Girton Birdwatch - February 2007
Although we are often alerted to the presence of a nearby Sparrowhawk by the fearful scattering of the other local birds I must admit to having felt envious when villagers and friends have reported the close-up views they have enjoyed of this handsome hawk either perched in their garden bushes (J.C.) or bathing in their pond (N. and J. Knights). This lack was remedied the other day when my wife Janet drew attention to an 'odd' bird, which she at first took to be a collared dove, sitting quietly amongst our birdfeeders, a mere 15 feet from our kitchen window. It turned out to be a male Sparrowhawk and through the binoculars it was possible to appreciate its glorious mixture of rusty orange cheeks and throat, barred chest and deep slatey-blue back. The female, as with most hawks and falcons, is larger than the male and lacks the rufous coloration and has a brownish grey, rather than blue, back. Moreover, the sexes exhibit the largest size difference of any British raptor with the female up to twenty-five percent larger than the male and about twice as heavy. The male seldom weighs more than 5 ounces (150gm), a true flyweight amongst our birds of prey (What about the Merlin? I hear you ask; but more of that later). This, of course, means that the female is capable of targeting a broader range of prey, although the male is capable of tackling birds as large as himself. I know that there are mixed views about Sparrowhawks but I like to see them and, as I've said before, their increasing presence is a good indication of the health of our environment and the bird's recovery after the depredations of organochlorine pesticides. However, it does eat a lot of small birds! In the late 1970's a study by Leslie Brown indicated that the amount of food a Sparrowhawk pair and their brood required during the year was substantial, and that to achieve the 66 lb (30 kg) of food killed per adult per year and the 44 lb (20 kg) eaten, more or less 800 average sized or 1,600 small birds needed to be killed each year. For the three months that a brood of two is fed another 400 small birds are needed. One might expect, then, that the 3,600 birds taken would make serious inroads into local populations, but other evidence from studies of small bird populations apparently indicates that Great and Blue tits, for example, are no less common when Sparrowhawks are about than when they are absent. Many of the birds fed to the young are young themselves, and tits have large broods, and it is clear that many of those caught at any time are the older, less well fed, or less fit, than those which manage to escape.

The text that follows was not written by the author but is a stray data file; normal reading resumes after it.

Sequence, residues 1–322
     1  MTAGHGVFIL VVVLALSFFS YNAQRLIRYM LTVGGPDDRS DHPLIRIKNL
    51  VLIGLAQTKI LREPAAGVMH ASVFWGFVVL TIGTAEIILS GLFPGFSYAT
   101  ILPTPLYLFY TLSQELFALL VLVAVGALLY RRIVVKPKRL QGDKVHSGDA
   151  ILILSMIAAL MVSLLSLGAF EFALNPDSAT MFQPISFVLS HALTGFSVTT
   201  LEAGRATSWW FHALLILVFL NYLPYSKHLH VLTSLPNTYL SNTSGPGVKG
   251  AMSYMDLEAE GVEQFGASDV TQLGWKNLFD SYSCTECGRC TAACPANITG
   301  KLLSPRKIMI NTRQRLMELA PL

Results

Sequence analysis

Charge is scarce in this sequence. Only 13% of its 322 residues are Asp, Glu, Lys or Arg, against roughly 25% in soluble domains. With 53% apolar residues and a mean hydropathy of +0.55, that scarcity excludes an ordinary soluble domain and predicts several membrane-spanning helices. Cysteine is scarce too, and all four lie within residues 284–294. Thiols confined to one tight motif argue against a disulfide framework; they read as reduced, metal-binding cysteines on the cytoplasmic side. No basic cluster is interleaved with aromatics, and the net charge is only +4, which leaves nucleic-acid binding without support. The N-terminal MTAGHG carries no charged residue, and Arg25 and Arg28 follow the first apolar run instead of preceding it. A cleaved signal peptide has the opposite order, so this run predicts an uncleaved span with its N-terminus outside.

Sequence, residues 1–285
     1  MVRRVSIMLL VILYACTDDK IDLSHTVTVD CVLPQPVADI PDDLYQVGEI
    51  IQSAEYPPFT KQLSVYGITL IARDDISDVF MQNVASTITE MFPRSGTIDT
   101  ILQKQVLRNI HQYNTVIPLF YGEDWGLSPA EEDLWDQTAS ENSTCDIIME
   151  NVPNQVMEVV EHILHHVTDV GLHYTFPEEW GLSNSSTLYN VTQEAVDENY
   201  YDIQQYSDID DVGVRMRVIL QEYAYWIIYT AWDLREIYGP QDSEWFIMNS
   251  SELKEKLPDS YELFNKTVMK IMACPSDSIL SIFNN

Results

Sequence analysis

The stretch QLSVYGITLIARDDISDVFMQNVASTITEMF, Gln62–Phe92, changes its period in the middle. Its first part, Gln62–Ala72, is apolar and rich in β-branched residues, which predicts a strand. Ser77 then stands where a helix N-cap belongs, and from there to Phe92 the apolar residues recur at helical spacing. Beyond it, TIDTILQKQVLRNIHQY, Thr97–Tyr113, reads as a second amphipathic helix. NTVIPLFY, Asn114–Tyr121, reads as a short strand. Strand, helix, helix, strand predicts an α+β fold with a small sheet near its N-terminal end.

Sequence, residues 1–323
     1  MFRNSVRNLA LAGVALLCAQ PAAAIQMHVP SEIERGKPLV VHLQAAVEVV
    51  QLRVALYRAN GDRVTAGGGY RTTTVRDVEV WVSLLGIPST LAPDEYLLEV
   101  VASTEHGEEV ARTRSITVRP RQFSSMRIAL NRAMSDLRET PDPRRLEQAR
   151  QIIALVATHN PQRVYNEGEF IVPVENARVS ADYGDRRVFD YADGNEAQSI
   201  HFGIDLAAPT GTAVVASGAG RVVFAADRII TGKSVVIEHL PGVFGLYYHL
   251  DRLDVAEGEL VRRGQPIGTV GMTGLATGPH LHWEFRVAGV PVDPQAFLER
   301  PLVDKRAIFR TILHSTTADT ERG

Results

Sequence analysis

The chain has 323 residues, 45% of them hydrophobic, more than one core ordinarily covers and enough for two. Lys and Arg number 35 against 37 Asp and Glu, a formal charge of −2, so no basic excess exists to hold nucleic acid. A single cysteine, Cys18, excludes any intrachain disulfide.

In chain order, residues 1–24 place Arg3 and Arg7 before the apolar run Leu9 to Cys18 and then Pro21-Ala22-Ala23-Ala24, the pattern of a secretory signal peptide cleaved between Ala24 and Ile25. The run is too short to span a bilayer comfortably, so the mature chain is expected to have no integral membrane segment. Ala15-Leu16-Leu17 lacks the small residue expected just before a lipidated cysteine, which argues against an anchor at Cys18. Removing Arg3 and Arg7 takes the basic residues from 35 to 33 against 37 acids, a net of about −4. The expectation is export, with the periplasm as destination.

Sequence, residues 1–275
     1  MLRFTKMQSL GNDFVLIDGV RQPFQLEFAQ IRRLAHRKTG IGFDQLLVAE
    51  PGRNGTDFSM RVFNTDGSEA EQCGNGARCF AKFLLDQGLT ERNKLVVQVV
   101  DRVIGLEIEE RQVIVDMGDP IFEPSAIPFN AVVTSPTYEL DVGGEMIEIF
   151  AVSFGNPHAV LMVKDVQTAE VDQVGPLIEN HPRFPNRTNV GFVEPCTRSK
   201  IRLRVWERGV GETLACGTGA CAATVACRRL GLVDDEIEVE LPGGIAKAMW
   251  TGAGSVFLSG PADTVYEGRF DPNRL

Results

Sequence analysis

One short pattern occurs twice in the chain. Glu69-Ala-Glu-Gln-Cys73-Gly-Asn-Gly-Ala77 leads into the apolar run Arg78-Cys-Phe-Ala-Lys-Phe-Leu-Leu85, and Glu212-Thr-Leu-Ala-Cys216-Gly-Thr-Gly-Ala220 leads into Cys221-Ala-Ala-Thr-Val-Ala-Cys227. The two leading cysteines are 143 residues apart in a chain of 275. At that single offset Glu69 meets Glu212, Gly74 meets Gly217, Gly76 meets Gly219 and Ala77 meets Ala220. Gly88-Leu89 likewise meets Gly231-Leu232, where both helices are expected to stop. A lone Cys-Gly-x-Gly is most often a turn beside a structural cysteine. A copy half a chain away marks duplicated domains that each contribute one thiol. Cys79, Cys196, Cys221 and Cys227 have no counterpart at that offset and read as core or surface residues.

The reason I mentioned the Merlin is that one of these small falcons was seen by the owners of the Oakington Garden Centre while they were out walking over Christmas/New Year. This bird is, in fact, our smallest sized falcon although not our lightest; that distinction belonging to the male Sparrowhawk. It is only 10-12 inches (25-30 cm) long compared with the 12-16 inches (30-40 cm) range of the Sparrowhawk. That makes it shorter than a Mistle thrush. The male is grey above and a rusty yellow underneath, with long dark streaks. The female has larger streaks below and is dark brown above, with a barred tail; that of the male is not so deeply barred. This is a bird more normally associated with moorland, where it preys on Meadow pipits, Twite, Ring ouzels etc, than with our flat and intensively cultivated environment. However, it is well-known that in the winter the bird migrates to the coast or to the familiar Washes of this region, but no one appears to be sure why. So keep your eyes open. I have only seen the one, and that was in the Isles of Scilly. It is a very fierce and energetic bird, which seldom stays still, and launches low level sorties at prey involving light, deft wing-beats interspersed with glides. Should it 'stoop' upon prey, closing its wings completely and diving, it turns into a deadly missile, the speed and ferocity of its attack allowing it to down birds four times its own weight. Its name has no connection with the magician of the King Arthur legends but comes from the old French name for the species: esmerillion.
It is pleasing to report that we still have Barn owls around the village. Rosie Sykes saw one quartering the field between the George, Old Crown and Golf Club while waiting for an early morning bus on 15th December. She has seen Muntjac deer in the same field also. It is quite an achievement to see a Muntjac because they are very secretive and good at concealment, but there are lots around the village as their many sharp, v-shaped tracks testify. It is also a truly tiny animal (with small unbranched antlers), which aids its concealment. It is not a native but is believed to have escaped from the Duke of Bedford's estate at Woburn, where it was brought first in 1894.
Ken Sheard, Ken.sheard2 at ntlworld.com